JEFFERSON CITY, Mo. – Although John “Woody” Cozad has never served as an elected official in the state capacity, the lawyer and lobbyist from Kansas City may be the quintessential Missouri conservative based on his beliefs, his actions and his enthusiasm for the Republican party, which he still has even though he’s only 70.
“When I was fairly new to politics, Republicans were running statewide offices, and Democrats were running things in legislature,” he reflected “Now, it’s the opposite.”
Cozad was one of the people who made that possible when he was named the chairman of the Republican Party in 1995. He served in that capacity until 1999, just before Republicans took the over the Missouri Senate in 2000, and then the House by 2001. He was one of the leaders that made such a shift possible, but, to him, the revolution of sorts was a long time coming.
“What was going on was an evolution,” Cozad says. He cites the Democratic presidential nomination of George McGovern, a liberal Democrat, in 1972. “When the Democratic party lurched hard left, that was the beginning of a long, long road to a Republicans taking the state. The Democratic Party started losing touch with the kind of conservative Democrats that made up the majority of the party in Missouri.”
Cozad himself has undergone an evolution of sorts in that same period of time – not politically, but in the accumulation of his power on the right in Missouri. He first got active in politics going door-to-door for Christopher “Kit” Bond in his gubernatorial campaign in 1972.
That same year, Bond was elected governor of Missouri, and John Danforth, another prominent, young Republican, was re-elected as attorney general. Over the course of the next almost thirty years, Cozad says a gradual shift to the right occurred across the state.
However, Cozad and the Republicans helped themselves along the way. Cozad says the Republicans had a favorable district map in 1991 and another a decade later. The introduction of term limits to the Missouri legislature also helped out the Republicans because so many of the Democrats in the House and Senate were incumbents.
“The problem with the old system was a problem of arrogance,” Cozad says. “They didn’t care what you wanted. They knew come election time they were going to get elected. You couldn’t get them out of office with a stick of dynamite.
“Term limits came in and another round of redistricting took place. All that shifting that had gone on actually showed up at the polls because a lot of incumbents couldn’t run anymore. Then, this Republican running for that seat had a chance of winning it.”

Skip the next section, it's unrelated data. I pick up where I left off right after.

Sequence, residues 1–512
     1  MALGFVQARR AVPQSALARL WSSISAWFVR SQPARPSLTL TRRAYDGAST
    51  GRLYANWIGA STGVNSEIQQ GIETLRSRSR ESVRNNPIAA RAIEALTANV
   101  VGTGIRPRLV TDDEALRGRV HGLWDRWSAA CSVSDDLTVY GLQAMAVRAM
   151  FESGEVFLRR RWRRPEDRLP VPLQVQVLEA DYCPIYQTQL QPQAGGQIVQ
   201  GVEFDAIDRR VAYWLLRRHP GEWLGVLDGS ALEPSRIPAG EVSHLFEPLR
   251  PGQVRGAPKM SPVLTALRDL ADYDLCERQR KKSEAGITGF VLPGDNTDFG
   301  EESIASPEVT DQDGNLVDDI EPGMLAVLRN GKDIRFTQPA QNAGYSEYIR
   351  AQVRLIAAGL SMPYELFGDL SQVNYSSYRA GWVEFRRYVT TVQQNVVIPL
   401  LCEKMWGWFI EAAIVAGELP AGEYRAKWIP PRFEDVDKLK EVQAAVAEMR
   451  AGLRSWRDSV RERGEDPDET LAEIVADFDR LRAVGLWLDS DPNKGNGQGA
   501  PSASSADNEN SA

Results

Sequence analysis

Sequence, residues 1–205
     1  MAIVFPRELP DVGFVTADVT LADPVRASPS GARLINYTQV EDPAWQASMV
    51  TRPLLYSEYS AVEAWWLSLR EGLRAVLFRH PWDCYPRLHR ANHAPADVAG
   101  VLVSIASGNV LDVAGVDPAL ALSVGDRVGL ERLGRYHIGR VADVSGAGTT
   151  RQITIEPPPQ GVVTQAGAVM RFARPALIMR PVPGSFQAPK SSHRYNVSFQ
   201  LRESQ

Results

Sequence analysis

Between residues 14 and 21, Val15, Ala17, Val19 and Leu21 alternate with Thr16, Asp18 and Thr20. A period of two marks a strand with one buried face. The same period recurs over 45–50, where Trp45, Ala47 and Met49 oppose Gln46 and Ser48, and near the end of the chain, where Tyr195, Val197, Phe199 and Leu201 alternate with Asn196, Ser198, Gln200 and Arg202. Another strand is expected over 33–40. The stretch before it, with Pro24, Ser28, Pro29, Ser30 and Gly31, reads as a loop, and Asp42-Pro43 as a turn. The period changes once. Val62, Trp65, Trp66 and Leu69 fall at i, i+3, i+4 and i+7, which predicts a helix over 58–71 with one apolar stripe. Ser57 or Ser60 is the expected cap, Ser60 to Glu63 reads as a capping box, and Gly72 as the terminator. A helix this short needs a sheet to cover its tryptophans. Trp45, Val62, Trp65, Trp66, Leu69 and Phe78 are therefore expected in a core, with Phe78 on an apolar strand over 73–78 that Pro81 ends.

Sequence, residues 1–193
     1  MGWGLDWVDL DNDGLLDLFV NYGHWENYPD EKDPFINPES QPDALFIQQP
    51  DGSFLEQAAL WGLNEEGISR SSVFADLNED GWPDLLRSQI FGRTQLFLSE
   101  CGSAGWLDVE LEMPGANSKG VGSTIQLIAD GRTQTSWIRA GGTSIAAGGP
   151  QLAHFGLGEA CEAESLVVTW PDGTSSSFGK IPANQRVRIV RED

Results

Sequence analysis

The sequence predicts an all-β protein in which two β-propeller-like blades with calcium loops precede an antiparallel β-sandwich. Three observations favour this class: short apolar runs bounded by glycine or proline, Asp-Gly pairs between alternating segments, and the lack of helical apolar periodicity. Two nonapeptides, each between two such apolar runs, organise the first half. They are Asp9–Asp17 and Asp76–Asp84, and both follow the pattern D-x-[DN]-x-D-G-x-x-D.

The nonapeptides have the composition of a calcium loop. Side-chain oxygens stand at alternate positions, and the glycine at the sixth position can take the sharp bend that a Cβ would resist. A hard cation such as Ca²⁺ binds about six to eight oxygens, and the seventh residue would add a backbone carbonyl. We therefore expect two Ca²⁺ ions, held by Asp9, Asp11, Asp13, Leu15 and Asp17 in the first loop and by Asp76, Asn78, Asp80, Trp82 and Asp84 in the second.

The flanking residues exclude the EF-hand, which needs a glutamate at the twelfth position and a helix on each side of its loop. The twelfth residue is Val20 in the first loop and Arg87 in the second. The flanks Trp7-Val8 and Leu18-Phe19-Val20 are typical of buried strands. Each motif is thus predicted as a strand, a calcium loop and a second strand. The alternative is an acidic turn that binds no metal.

However, despite his conservative background, Cozad’s two greatest moments of pride through his work in public office include initiating a tax and working for one of the largest recipients of the state’s taxpayer funds.
In 1991, he was appointed to the University of Missouri Board of Curators, where they made George Russell the president of the system.
“The smartest thing we did was hire George,” he said. “The second smartest thing is that we backed him up.”
In his six-year tenure, Cozad, Russell and the other curators raised faculty salaries from the lowest among all Association of American Universities schools to an average rate, they computerized the UM system and took on $150 million in unfunded maintenance and turned that number into a zero by the time they left.
Before that, Cozad was appointed to the Missouri Highways and Transportation Commission and was a large proponent of the state’s first fuel tax increase since 1951. He championed a statewide initiative that raised the fuel tax by four cents on the gallon, and at the same time, the state legislature raised the fuel tax six cents on the gallon. Cozad says that increase helped the state build a lot of highways and maintain a lot of roads.
Now, he says MoDOT needs an influx of revenue once again.
“Anybody who thinks they’re living high on the hog over there isn’t paying much attention; they laid off 20 percent of their staff, nobody likes to lay off their staff,” he said, noting that in private businesses, laying people off is normal, but that in government, it signals a problem. “In government, they don’t [lay people off], they come to ask you for more money. They’re squeezing pennies over there and something needs to be done.”
Cozad advocates a multipronged attack on the lack of funding, including turning Interstate 70 and Interstate 44 into toll roads and another fuel tax incentive.
While he does not hold the same positions he used to, Cozad is still a fierce advocate of Missouri conservatives. He will continue his work as a lobbyist at his own firm, Cozad Company Government Relations, representing organizations and businesses like the Missouri Bar, the CNS Corporation, the Cass County Fire Protection District, and Grow Missouri. But he will always have his same conservative principles, and he sees the best of a state he has called home his entire life.
“The state of Missouri has turned upside down in my lifetime and so has the country,” he reflects. “Institutionalized corruption started in this country in the early 70s and is a function of the growth of government. Bribery and extortion become institutionalized. Despite what they tell you in Missouri, I don’t believe it has happened here.”
FEATURED PHOTO: WOODY COZAD, PHOTO/RUCKUS, KCPT